May 18, 1993
The twelfth chapter of Alma is like a field of precious stones lying about on the surface. I have picked one very small one, very precious one, only fifteen words, to use as my text. "God gave unto them commandments, after [first] having made known unto them the plan of redemption." (Alma 12:32)
Thirty-eight years ago I came from Brigham City to the office I now occupy in the Administration Building to see Elder Harold B. Lee, who, next to President Joseph Fielding Smith, was the senior member of the Quorum of the Twelve. I had just been appointed the supervisor of Seminaries and Institutes of Religion. I knew there were serious problems in the system and I wondered why they had not appointed someone with more experience.
Elder Lee had agreed to give me counsel and some direction. He didn't say much, nothing really in detail, but what he told me has saved me time and time again. "You must decide now which way you face," he said. "Either you represent the teachers and students and champion their causes or you represent the Brethren who appointed you. You need to decide now which way you face." Then he added, "Some of your predecessors faced the wrong way." It took some hard and painful lessons before I understood his counsel. In time, I did understand, and my resolve to face the right way became irreversible.
One of the early lessons was also my first lesson in correlation. The seminaries were sponsoring speech contests. They were very successful -- much better than similar contests sponsored by the Mutual Improvement Association. It was an ideal gospel-centered activity for seminaries. They were succeeding beautifully under able teachers who could assist even the shy students. We were instructed to discontinue them!
There was something of an uprising among the teachers. They accused Superintendent Curtis of the Young Men and President Reeder of the Young Women of being responsible. Perhaps they were. The teachers wanted Brother Tuttle and me to plead their cause before the Brethren. The logic was all on our side. Nevertheless we remembered the counsel of Brother Lee, and really, just out of obedience, we declined.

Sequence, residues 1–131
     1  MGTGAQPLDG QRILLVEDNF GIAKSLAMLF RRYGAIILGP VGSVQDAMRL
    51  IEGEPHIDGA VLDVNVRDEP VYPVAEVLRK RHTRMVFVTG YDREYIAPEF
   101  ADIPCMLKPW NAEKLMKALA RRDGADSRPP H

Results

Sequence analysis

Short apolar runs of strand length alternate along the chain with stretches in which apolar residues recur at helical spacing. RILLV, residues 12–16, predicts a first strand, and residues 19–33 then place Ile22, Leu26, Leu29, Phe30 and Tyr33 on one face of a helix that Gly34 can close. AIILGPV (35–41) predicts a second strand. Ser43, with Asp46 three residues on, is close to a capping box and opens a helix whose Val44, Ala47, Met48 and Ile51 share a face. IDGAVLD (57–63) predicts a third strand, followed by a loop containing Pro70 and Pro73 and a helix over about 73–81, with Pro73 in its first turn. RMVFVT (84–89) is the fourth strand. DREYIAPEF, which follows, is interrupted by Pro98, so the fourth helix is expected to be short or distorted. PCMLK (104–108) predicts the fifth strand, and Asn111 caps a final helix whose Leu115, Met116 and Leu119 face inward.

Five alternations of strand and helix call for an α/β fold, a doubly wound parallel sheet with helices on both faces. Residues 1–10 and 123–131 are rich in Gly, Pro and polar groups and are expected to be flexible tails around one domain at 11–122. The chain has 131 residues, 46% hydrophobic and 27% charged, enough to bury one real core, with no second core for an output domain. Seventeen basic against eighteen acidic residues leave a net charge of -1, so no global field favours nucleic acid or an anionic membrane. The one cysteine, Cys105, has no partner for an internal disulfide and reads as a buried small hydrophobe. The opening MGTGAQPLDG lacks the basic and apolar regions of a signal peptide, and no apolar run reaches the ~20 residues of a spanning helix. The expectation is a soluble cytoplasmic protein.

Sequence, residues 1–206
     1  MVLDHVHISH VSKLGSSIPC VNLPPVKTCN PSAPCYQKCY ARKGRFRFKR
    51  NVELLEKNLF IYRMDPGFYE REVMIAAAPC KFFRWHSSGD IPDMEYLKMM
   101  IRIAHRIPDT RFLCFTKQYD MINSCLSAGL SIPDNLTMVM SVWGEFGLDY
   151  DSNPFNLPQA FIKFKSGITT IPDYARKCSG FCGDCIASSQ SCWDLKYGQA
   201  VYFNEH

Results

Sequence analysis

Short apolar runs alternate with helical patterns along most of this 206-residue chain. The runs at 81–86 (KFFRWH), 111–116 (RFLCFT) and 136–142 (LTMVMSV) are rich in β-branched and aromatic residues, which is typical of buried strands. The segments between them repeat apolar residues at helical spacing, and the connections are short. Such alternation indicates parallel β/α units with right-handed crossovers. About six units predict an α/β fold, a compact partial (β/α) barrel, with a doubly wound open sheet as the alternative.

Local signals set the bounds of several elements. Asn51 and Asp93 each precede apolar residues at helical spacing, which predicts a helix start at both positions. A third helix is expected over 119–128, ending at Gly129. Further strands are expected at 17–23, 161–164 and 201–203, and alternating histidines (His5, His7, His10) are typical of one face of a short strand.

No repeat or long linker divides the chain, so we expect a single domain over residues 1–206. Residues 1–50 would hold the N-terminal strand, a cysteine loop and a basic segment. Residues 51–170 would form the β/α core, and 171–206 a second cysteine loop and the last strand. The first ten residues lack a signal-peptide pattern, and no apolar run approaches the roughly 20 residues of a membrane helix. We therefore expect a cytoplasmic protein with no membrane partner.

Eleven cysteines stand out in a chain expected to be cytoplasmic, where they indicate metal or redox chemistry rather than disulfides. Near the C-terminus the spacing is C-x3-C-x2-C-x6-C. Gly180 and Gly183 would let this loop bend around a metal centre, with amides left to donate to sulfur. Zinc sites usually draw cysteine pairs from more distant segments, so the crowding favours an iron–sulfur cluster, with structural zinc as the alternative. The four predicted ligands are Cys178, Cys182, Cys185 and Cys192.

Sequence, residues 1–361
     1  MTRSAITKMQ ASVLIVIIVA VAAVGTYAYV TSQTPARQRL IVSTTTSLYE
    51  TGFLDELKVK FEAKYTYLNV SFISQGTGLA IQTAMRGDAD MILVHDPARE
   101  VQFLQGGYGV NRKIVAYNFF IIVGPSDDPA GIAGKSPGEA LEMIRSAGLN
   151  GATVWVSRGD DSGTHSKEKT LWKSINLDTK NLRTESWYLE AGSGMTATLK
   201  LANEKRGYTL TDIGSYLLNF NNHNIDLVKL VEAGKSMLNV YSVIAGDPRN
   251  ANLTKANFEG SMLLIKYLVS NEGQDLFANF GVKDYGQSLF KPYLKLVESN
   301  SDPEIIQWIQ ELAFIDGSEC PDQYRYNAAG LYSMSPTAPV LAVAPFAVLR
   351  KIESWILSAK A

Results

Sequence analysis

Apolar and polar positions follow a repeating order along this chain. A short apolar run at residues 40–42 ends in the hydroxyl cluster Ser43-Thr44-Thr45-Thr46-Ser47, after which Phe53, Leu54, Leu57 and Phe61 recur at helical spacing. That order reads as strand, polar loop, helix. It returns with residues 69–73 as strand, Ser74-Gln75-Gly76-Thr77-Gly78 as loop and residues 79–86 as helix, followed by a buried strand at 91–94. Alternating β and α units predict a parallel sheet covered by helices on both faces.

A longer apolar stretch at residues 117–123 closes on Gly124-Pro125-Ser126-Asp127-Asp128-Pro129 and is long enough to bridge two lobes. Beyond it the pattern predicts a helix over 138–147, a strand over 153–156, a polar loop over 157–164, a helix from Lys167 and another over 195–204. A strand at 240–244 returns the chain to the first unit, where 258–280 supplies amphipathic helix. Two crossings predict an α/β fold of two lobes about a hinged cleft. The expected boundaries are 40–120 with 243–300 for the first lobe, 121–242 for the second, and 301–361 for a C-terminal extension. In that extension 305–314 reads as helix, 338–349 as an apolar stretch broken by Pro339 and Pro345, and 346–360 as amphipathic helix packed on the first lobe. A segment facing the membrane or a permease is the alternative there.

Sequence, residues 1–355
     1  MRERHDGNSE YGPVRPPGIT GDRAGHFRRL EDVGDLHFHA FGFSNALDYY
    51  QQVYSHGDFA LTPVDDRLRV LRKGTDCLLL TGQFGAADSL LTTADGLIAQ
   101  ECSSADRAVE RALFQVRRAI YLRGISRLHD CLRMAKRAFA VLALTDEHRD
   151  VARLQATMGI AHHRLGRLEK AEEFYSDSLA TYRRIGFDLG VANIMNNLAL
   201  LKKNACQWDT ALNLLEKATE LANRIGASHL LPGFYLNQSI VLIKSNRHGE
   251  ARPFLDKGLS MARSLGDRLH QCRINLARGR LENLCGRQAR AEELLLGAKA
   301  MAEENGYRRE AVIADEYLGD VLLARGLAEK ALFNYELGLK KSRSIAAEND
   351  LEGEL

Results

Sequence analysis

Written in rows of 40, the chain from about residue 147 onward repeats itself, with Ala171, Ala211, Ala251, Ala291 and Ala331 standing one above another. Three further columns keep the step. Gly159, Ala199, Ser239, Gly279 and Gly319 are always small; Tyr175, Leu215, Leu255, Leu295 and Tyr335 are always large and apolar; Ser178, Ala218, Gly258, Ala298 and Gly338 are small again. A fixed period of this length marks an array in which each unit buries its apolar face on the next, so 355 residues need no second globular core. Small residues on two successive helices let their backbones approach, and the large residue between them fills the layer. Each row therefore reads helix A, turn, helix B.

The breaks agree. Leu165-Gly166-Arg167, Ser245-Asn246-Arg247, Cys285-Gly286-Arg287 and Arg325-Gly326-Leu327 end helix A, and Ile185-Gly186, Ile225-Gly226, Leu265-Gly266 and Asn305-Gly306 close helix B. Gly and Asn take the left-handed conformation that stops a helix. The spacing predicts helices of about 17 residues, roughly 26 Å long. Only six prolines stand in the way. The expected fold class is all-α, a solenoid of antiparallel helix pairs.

Later I could see that the seminaries served then only a very small part of our youth; the MIA, all of them. A B-minus program reaching most of the youth would, in the aggregate, bring better results than an A-plus program which reached relatively few. It wasn't until many years later, when some other problems arose, that I could see that those contests, even though they were gospel centered, pulled the teachers into an activity-oriented mind-set and away from the less exciting responsibility of teaching the Old and New Testaments to teenagers. Finally I could see that the very success of the program was an enemy.
Other lessons followed, some of them hard ones. I was asked to write an article for the Improvement Era. It was returned with the request that I change some words. I smarted! The replacement words didn't convey exactly what I was trying to say. I balked a bit, and was told that Richard L. Evans, then of the Seventy and magazine editor, had asked that the changes be made. I remembered Brother Lee's counsel. I had to submit. Now, though that article is piled under thirty-five years of paper, I'm glad, very glad, that if someone digs it out, I was "invited" to change it.